Examining the history of the past 70 years – less than the average Canadians’ lifespan – reveals that significant changes in the international system and changes in ideological influence have occurred. The general trajectory of the change has been away from a system of competition between two competing 19th-century ideologies based on the Industrial Revolution to one that has multiple loci of influence that are dependent on participation in a globalized economy and a greater awareness of shared concerns.
Paradoxically, the liberal international ideal of a rules-based, global, capitalist order has become, if anything, more greatly entrenched while at the same time the liberal political values on which it was predicated seem to have become more attenuated. That attenuation can be directly correlated with the relative decline of American power abroad and the decline in ideological homogeneity within core western states (notably again within the United States). Global political stability and trade – not democracy, nor military might – has become the most valued norm for the states-based system. Co-operation on existential threats, be they the escalation of regional conflicts or systemic threats like climate change, will only further the desire to maintain a sustainable order of states.
The current international system has the potential to long outlast the superpower that instituted it in 1945. This is a significant departure from the ideological underpinnings that formed the international system in 1945 and even from those proposed in “The End of History” in 1991.
Absent any real threat to, or inability to manage, global international capitalism of some form or another, states will continue to derive legitimacy from the international system through their ability to effectively cooperate internationally to create wealth and the economic resources to support sovereignty and state and/or citizen ambitions. However, the exact character of the system will depend on the key states – the large powers – within the system. And to some extent it will depend on some non-state actors’ abilities to affect state forms and decision making. The rise of illiberal ideologies, such as populist authoritarianism or state nationalism, as perceived solutions to intractable problems is not only likely but expected given that international cooperation seems to be effectively divorced from international liberalism. However, such ideologies as yet make no global claims to political domination or revolutionary systemic change; rather, ideological settlement for now seems to reside within the purview of the state.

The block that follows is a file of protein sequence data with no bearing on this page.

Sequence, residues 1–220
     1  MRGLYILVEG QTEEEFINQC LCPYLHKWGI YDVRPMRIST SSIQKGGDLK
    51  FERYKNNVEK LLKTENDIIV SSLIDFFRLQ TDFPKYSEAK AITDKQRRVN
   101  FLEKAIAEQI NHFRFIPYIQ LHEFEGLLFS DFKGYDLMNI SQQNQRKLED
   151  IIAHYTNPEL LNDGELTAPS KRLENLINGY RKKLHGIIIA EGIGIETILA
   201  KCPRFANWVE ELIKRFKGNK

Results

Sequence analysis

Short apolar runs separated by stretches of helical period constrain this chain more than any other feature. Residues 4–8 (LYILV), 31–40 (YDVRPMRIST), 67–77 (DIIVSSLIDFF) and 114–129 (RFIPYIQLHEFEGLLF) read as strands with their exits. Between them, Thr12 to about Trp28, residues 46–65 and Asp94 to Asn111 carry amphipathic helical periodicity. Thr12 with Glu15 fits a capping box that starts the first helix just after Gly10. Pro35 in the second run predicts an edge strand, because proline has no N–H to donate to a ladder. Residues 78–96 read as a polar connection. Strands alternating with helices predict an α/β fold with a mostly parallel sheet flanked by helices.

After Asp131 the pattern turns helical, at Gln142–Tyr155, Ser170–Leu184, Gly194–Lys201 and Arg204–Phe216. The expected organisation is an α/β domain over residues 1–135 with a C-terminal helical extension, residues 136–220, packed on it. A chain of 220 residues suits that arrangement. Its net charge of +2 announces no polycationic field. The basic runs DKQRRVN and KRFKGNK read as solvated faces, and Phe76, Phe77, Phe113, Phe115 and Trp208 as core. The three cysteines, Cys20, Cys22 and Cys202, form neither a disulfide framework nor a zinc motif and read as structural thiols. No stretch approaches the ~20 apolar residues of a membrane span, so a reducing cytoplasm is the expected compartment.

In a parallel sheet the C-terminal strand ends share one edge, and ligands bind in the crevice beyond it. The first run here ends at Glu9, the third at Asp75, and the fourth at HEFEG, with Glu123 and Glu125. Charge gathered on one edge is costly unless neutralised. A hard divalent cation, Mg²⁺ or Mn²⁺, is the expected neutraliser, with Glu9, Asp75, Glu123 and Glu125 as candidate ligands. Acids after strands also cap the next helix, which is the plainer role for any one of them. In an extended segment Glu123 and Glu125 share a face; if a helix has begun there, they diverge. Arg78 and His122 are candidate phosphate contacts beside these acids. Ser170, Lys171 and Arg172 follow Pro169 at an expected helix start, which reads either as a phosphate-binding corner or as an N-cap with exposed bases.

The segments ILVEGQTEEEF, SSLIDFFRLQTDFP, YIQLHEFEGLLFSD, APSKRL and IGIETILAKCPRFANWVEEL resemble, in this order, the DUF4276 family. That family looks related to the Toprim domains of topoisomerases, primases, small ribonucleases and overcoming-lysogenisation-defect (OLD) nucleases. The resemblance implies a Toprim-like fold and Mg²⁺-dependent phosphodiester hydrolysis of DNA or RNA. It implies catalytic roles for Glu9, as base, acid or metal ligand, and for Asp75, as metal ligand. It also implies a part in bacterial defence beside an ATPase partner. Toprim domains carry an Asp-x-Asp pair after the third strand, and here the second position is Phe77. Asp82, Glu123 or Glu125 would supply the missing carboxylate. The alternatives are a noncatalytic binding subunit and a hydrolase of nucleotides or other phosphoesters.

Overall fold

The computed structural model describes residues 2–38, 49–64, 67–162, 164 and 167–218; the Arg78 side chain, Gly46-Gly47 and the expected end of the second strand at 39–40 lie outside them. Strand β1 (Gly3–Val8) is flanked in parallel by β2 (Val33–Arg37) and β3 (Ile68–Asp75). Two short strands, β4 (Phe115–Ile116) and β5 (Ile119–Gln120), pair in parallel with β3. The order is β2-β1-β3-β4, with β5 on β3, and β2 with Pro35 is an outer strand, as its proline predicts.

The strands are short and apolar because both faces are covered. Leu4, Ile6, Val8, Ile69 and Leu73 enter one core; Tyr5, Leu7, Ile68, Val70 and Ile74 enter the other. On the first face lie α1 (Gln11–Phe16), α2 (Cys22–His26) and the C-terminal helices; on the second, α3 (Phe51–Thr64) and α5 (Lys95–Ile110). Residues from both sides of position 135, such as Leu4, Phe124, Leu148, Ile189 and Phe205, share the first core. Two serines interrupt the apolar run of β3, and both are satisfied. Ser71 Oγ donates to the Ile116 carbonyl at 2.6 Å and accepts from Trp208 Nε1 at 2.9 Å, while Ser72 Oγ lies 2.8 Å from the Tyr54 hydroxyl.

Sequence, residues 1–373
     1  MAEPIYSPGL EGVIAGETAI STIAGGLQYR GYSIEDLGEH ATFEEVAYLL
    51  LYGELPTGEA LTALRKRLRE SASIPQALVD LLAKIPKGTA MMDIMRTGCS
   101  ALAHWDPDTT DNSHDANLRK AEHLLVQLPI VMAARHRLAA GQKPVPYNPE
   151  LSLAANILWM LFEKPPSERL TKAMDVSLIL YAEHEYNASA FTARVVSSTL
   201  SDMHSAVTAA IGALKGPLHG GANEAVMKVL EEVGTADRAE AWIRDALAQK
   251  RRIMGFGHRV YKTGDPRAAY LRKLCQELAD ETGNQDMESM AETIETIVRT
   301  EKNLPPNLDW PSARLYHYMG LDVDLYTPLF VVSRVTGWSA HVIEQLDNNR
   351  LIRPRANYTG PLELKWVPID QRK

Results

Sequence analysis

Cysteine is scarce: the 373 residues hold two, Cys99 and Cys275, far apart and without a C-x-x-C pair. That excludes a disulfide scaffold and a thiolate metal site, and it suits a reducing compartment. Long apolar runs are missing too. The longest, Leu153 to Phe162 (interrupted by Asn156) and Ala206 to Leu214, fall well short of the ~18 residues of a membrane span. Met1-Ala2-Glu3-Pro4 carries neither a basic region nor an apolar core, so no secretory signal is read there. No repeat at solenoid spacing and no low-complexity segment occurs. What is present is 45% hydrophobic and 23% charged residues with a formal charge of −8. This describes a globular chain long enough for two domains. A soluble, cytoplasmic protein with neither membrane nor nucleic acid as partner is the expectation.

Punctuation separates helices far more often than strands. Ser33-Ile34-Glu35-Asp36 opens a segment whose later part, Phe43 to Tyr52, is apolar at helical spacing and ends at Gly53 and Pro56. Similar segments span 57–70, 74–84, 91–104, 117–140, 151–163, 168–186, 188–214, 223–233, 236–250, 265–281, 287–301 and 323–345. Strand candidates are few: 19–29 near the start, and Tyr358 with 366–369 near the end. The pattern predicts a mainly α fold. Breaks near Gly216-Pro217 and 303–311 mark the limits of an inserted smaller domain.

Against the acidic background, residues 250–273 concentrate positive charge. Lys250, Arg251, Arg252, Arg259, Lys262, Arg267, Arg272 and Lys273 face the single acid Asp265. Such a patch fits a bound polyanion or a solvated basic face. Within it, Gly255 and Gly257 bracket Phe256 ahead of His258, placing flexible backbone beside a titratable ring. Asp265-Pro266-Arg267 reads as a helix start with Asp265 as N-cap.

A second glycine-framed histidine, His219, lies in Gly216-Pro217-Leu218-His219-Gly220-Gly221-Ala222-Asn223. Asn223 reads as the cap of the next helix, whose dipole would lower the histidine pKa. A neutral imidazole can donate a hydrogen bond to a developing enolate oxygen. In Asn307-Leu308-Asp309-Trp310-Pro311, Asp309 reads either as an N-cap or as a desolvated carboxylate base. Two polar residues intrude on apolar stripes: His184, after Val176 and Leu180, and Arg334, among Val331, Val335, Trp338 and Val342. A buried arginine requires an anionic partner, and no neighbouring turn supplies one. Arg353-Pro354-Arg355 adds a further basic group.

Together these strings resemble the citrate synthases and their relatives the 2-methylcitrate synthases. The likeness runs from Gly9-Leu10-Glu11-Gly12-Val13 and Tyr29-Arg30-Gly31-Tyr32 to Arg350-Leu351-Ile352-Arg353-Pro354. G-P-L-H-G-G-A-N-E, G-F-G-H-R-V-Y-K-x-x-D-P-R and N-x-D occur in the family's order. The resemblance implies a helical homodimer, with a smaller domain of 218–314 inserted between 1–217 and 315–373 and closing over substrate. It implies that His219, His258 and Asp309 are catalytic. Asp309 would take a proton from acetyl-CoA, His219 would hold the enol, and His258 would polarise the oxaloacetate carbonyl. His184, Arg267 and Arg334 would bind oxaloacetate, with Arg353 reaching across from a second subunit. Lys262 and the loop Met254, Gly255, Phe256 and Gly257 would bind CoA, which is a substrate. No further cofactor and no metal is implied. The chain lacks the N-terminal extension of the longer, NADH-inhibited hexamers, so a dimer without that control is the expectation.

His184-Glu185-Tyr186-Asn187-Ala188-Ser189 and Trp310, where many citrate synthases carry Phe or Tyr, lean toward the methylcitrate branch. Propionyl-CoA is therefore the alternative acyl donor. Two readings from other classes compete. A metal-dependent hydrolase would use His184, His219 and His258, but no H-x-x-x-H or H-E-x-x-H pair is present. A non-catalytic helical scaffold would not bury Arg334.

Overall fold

Based on this trajectory then, a guessing person would say that ideological challenges to the globalized world order will remain secondary as long as it is in the vested interests of states and their key economic stakeholders.
- Given that North America comprises federal states that are increasingly integrated across national boundaries, could regional affiliations between sub-state actors such as Canadian Provinces and American States create new interests and identities that could overcome national identities and ideologies in America and Canada?
- The author has asserted that the most reasonable assumption is that ideological challenges to the globalized world order will remain secondary to states interest in keeping the current system. Do you agree? If not, why?
- This article has cited 2 examples of unforeseen changes to international politics that have occurred since the current system came to be. Can you think of potential changes that might occur that would challenge the current system? What kinds of changes of events might they be?
- The UK has left the European Union in a decision known as “Brexit.” This contravenes the general trend of states engaging in a deeper and broader web of bilateral and multilateral agreements.
- Do you think the UK’s quest for sovereignty on its own terms will succeed?
- Do you think the UKs Brexit is the precursor to other states abandoning the current form of globalization?
- The current global system was broadly established by American economic and military power and based on an American interpretation of liberalism? If the Unites States declines sufficiently in power, or if the United States becomes and illiberal state, will that change the nature of globalization and the international system? How might it affect future ideological developments?